Ne Katedralama

autora/ice cronomy

Ovo ljeto sam imao priliku letjeti preko Plesa. Obišavši sve terminale i zgradu mogu dati neki empirijski sud o viđenom.

Međunardoni dolasci – nakaradno. Ovdje vrijedi opis Denisa Kuljiša u članku u Jutarnjem, o kojem sam pisao ovo ljeto. Sve je ograđeno šperpločama, uključujući prilaz kontroli putovnica i nakon toga čekaonicu za prtljagu. Drvena vrata kroz šper-zid, sa znakom zabrane otvaranja, ograđuju odlaske i dolaske. “Samo se krpa i majstoriše.” Zašto??

Domaći odlasci – strašno nakaradno; Kad sam ja čekao, kasno navečer, posljednji let, terminal je bio osvjetljen sa 7 golih žarulja, (bez ijedne lampe, svjetiljke, lustera) od toga 4 su bile obične 100W (a možda i manje). Uz žarulje, svjetlo je davalo i par ekrana iznad gateova. Naravno instalirane rasvjete nije moglo ni biti kad terminal nema pravi strop. Sve žice, kablovi i cijevi su bile na izložbi, a u pozadini crni, kao tek zagoren zid. Terminal nema wc, pa ako vam zatreba morate nazad iza osiguranja i onda opet kroz osiguranje. Osjećaj trećeg svijeta.

Domaći dolasci – dobro i jednostavno (valjda zato jer je i novo). Na dolascima i ne treba biti puno filozofije, ali bar da se ne hoda po šperločama. Međunarodni odlasci – ispada da je i jedini terminal koji je reprezentabilan i međunarodno usporediv. Sa barom, duty-freeom i (vrlo važno!) lako dostupnim wc-om.

Naravno da ovakvo izdanje zavrijeđuje renovaciju, tj. izgradi novo. Nema se šta više krpariti po “starom”. Sada je legitimno pitanje što i za koliko izgraditi. O potrebi i razlogu nove zgrade za Pleso sam već pisao. Kao i posljedicama izgradnje nepotrebno skupih arhitektonskih remekdjela – troškovi se na kraju svale na avio kompanije i letače. To svakako nije način za privuči više kompanija i više letača. A u slučaju Plesa, potencijalna situacija je još gora jer će novu zgradu financirati Vlada poreznim novcem svih građana Hrvatske i grad bez ikakve odgovornosti za potrošnju, a potom troškovi otplate kredita biti svaljeni na opet poreznike/letače.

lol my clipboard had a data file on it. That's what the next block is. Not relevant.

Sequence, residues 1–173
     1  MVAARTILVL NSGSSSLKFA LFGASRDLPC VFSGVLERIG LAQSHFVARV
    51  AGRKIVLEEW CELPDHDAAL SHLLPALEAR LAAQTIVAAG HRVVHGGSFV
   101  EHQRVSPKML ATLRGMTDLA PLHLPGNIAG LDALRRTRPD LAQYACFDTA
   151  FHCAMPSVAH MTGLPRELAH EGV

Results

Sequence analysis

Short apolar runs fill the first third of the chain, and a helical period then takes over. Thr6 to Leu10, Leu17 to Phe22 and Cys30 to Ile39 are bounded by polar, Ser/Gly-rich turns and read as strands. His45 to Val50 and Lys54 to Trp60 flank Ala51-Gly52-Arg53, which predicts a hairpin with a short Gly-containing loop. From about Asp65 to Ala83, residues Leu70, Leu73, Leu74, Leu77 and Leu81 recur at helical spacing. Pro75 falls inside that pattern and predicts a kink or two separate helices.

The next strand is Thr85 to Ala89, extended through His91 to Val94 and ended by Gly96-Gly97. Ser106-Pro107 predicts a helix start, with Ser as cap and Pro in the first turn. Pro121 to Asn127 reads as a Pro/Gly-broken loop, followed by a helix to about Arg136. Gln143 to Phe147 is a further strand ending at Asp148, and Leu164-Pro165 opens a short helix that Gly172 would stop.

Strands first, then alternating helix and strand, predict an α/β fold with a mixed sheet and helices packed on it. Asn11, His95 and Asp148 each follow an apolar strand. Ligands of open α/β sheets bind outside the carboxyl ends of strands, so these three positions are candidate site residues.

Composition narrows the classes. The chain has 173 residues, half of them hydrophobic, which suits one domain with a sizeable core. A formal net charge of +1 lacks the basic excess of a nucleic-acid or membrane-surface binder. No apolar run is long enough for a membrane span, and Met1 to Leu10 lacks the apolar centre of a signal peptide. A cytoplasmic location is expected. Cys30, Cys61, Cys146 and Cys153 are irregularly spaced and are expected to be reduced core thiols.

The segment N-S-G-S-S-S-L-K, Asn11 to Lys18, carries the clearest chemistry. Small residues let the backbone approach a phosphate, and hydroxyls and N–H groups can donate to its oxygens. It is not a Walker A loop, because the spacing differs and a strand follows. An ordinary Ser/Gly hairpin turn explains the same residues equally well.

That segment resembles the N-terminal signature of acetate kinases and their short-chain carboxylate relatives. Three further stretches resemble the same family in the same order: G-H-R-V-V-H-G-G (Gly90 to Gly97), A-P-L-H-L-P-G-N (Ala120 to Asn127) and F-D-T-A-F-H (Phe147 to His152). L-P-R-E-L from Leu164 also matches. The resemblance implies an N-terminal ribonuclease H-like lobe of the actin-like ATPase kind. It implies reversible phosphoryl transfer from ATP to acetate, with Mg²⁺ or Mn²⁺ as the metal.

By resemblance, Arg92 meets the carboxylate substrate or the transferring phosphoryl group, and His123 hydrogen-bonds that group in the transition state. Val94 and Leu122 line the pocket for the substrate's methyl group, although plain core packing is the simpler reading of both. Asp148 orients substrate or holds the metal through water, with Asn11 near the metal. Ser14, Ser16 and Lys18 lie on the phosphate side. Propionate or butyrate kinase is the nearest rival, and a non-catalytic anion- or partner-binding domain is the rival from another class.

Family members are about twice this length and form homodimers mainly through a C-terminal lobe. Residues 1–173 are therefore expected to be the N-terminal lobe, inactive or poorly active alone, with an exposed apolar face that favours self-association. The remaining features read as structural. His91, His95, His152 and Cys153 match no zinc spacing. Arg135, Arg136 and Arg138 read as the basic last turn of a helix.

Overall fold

Problem je jednostavan. Veliki gradovi (ili hoćemo-biti-veliki-grad poput Zagreba) troše prevelike svote novca, a ponekad i poreznog novca, za izgradnju aerodrosmkih katedrala, dok bi jednostavnije i jeftinije zgrade, koje ne opterećuju naknadno putnike glomaznim naknadama za isplatu troškova izgradnje, služile istoj svrsi. Pa tako i u Hrvatskoj sa izgradnjom 300 milijunskog novog Plesa.

Neidhardt – Novi putnički terminal učinit će zagrebačku zračnu luku vrhunskim svjetskim aerodromom i prvorazrednim obilježjem suvremenog identiteta Zagreba i Hrvatske.

Identitet nije svrha aerodroma! Zato se IATA pobunila i rekla “Ne želimo plaćati katedrale!” Članak (ispod) od prije 2 i pol godine u WSJ objašnjava probleme političke ekonomije izgradnje aerodroma, tko ih plaća, tko i što bi ih trebalo isplaćivati, tj. kroz koje prihode (ne porezne) te ustrojstvo aerodroma.

Politics & Economics: Airport Improvements Stir Up Fights Over Fees; Tussle at Charles de Gaulle Underlines Brewing Tension Between Operators, Airlines

Adam CohenWall Street Journal(Eastern edition). New York, N.Y.: Apr 25, 2006.